The status and future of China’s economy has been a matter of concern for some months. Industrial production in August was the lowest since the 2008-2009 recession. In September, manufacturing unexpectedly picked up, a bit, but factory employment slipped to a 5-1/2 year low. So far there have been no major changes to economic policies. Despite the slowdown, China’s apparent demand for oil averaged 9.7 million b/d, a 3.7 percent increase over August 2013. The question of just how much oil is going into strategic reserve remains the great unknown in assessing China’s oil demand. The IEA recently reduced China’s growth in oil demand for 2014 to 900,000 b/d and 2015 growth in demand to 1.2 million.  The Agency attributed this decline to a “pronounced slowdown” in the Chinese economy.
 
Last week, Beijing pledged to increase its cooperation with the UN on measures to deal with climate change.  For the last 60 years China has sought to grow its economy with little reference to the pollution its economic growth has been causing. The next few years will tell if Beijing is really interested in dealing with climate change and air/water pollution at the expense of economic growth.
 
4. Ukraine
With the fighting winding down, last week attention shifted to how much gas, if any, Moscow will supply to Ukraine next winter.  Last Friday, after talks between Moscow and Kyiv sponsored by the EU’s energy commissioner, the outline of a deal to restore natural gas flows to Ukraine was released. Ukraine will pay Gazprom some $3.1 billion of the $5.3 billion Gazprom says it is owed and Gazprom will resume gas flows after it receives the first $2 billion. Much of the dispute is the different prices that Moscow charges for its gas, with its “friends” getting better prices than other customers. Initially Ukraine will pay $385 per 1,000 cubic meters for its gas which is supposed to be a $100 discount from current prices.
 
The deal shows that Moscow is shifting to an economic strategy rather than military force to maintain leverage  over Ukraine. Should the gas remain off during a harsh winter due to the Kremlin’s intransigence, Russia’s image would be mud as Ukrainians freeze to death and the EU struggles to share gas with Ukraine.
 
The Russian government will offer billions of dollars in aid to companies that are being hurt by their inability to get loans and capital infusions from the West. Russia’s economy is now growing at the slowest pace since 2009. Falling oil prices are compounding the problem. The recent arrest of a Russian billionaire is raising concerns about a government crackdown on private business which could in turn lead to still more capital outflows from the country. Western anger over the annexation of Crimea may lead to extensions of the sanctions which could do considerable harm to the expansion of Russia’s oil industry which is becoming increasingly dependent on foreign technology as it moves into the Arctic.
 
5.  Quotes of the Week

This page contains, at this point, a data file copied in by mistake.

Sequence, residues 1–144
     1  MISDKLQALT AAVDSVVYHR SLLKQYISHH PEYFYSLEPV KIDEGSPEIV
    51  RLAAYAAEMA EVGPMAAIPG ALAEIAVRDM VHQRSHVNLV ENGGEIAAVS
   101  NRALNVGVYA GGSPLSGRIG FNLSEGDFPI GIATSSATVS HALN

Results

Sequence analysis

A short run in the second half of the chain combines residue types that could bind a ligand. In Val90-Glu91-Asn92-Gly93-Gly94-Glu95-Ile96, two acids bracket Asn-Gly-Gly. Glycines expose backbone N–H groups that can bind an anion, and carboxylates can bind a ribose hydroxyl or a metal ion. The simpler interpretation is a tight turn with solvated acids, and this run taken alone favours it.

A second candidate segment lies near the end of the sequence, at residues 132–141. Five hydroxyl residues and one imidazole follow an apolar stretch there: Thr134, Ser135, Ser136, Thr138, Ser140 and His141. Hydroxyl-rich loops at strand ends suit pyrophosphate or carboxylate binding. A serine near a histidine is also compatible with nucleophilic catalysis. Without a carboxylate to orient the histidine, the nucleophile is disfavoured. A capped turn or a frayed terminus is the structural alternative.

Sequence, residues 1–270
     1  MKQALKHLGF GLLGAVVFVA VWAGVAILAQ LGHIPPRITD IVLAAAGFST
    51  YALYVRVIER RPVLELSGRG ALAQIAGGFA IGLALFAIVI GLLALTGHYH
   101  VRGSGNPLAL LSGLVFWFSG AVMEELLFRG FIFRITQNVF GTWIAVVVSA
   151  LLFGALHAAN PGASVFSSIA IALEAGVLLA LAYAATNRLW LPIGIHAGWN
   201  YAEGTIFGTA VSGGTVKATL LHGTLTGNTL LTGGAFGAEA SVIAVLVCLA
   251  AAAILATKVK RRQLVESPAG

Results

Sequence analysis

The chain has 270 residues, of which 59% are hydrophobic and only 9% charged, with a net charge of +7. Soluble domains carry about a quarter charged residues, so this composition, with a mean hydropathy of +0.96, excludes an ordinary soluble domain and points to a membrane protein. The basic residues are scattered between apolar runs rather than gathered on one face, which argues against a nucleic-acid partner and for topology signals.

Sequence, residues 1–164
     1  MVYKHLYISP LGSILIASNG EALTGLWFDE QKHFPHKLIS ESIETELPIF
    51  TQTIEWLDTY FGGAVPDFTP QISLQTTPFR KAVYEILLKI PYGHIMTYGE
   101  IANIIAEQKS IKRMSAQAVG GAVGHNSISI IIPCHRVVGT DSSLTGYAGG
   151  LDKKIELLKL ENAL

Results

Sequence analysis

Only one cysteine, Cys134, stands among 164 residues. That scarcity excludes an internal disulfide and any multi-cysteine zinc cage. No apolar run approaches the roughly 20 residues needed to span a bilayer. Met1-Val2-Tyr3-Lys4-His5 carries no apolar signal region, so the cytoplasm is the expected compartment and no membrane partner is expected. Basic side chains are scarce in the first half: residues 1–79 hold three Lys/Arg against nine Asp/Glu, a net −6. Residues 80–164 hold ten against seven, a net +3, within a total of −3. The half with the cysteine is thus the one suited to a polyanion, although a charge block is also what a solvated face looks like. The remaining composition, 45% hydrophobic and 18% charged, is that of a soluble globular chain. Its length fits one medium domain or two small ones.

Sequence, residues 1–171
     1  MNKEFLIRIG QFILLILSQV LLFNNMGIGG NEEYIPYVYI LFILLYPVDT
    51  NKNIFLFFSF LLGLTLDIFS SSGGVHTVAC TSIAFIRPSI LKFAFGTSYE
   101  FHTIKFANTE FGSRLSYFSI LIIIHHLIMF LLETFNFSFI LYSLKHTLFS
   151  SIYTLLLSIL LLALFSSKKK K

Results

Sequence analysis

• “Despite the massive expansion of renewable energies [in Germany], achieving key targets for the energy transition and climate protection by 2020 is no longer realistic. The government needs to improve the Energiewende so that the current disappointment doesn’t lead to permanent failure.”

Thomas Vahlenkamp, a director at McKinsey & Co. in Dusseldorf, Germany, and an adviser to the industry for 21 years.
 
“We can’t exit coal and nuclear plants at the same time. We need to consider the security of power supply…Yes, we are burning more coal [45% of power]; on the other hand it is also true that Germany still plays a leading role when it comes to emission reductions in Europe.”–Beate Braams, a spokeswoman for the German Economics and Energy Ministry
 
“The average day-ahead German power price will probably drop to the lowest in 12 years this year amid the boost of renewable energy and a glut of capacity at conventional plants.”
     –Johannes Mayer, researcher at Fraunhofer-Institut fuer Solare Energiesysteme ISE
 
6.  The Briefs
 

  • Saudi Arabia’s newest oil refinery reached full capacity—400,000 b/d—last month, adding to international competition that Total SA and Vitol SA said will force more European plants to close. Europe’s refineries are too small and not sophisticated enough to compete with new plants. (9/24)
  • The oil-refining wave in the Middle East is filling tankers to export the region’s processed fuels and driving freight rates to the highest for the time of year since 2008. Traders booked 19 percent more Persian Gulf oil products on tankers in the spot market this year than the same period in 2013.
  • In South Sudan fighting has erupted around Renk, a key border town in Upper Nile state. South Sudan says opposition forces supported by the Sudanese government are making a push towards oil fields further south. Renk sits near several oil fields in Upper Nile state, the largest of which is Palouge. The state is responsible for around 80 percent of South Sudan’s oil production. (9/22)
  • Arctic oil: Gazprom Neft confirmed a tanker filled with 200,000 barrels of oil extracted from an arctic field was shipped to markets in northwest Europe last week across arctic waters. It was the second tanker of oil delivered from the Yamal Peninsula. Changes in global weather patterns are leaving parts of the arctic region ice-free for longer periods of time. (9/23)
  • Norwegian energy firm Statoil said it will postpone development of its 40,000 b/d Corner oil sands project in Alberta, Canada, for at least three years. Statoil said it decided to delay construction of the project because inflation was pushing up the cost of labor and materials, while tightness in pipeline space to the U.S. market was pushing down the price of its oil. (9/27)
  • Total plans to divest $10 billion in assets during 2015-17 in an effort to improve cash flow and enforce stricter financial discipline. The announcement follows the realization of the company’s goal to divest $15-20 billion in assets during 2012-14. (9/24)
  • US drilling rigs targeting natural gas jumped by 9 this week to 338 according to Baker Hughes. The gas rig count has added 24 rigs since June after sliding for three straight quarters. The oil rig count fell by nine to 1,592. The rebound in gas rigs threatens to come at the expense of oil drilling. US crude has dropped by more than $10 a barrel over the past three months. (9/27)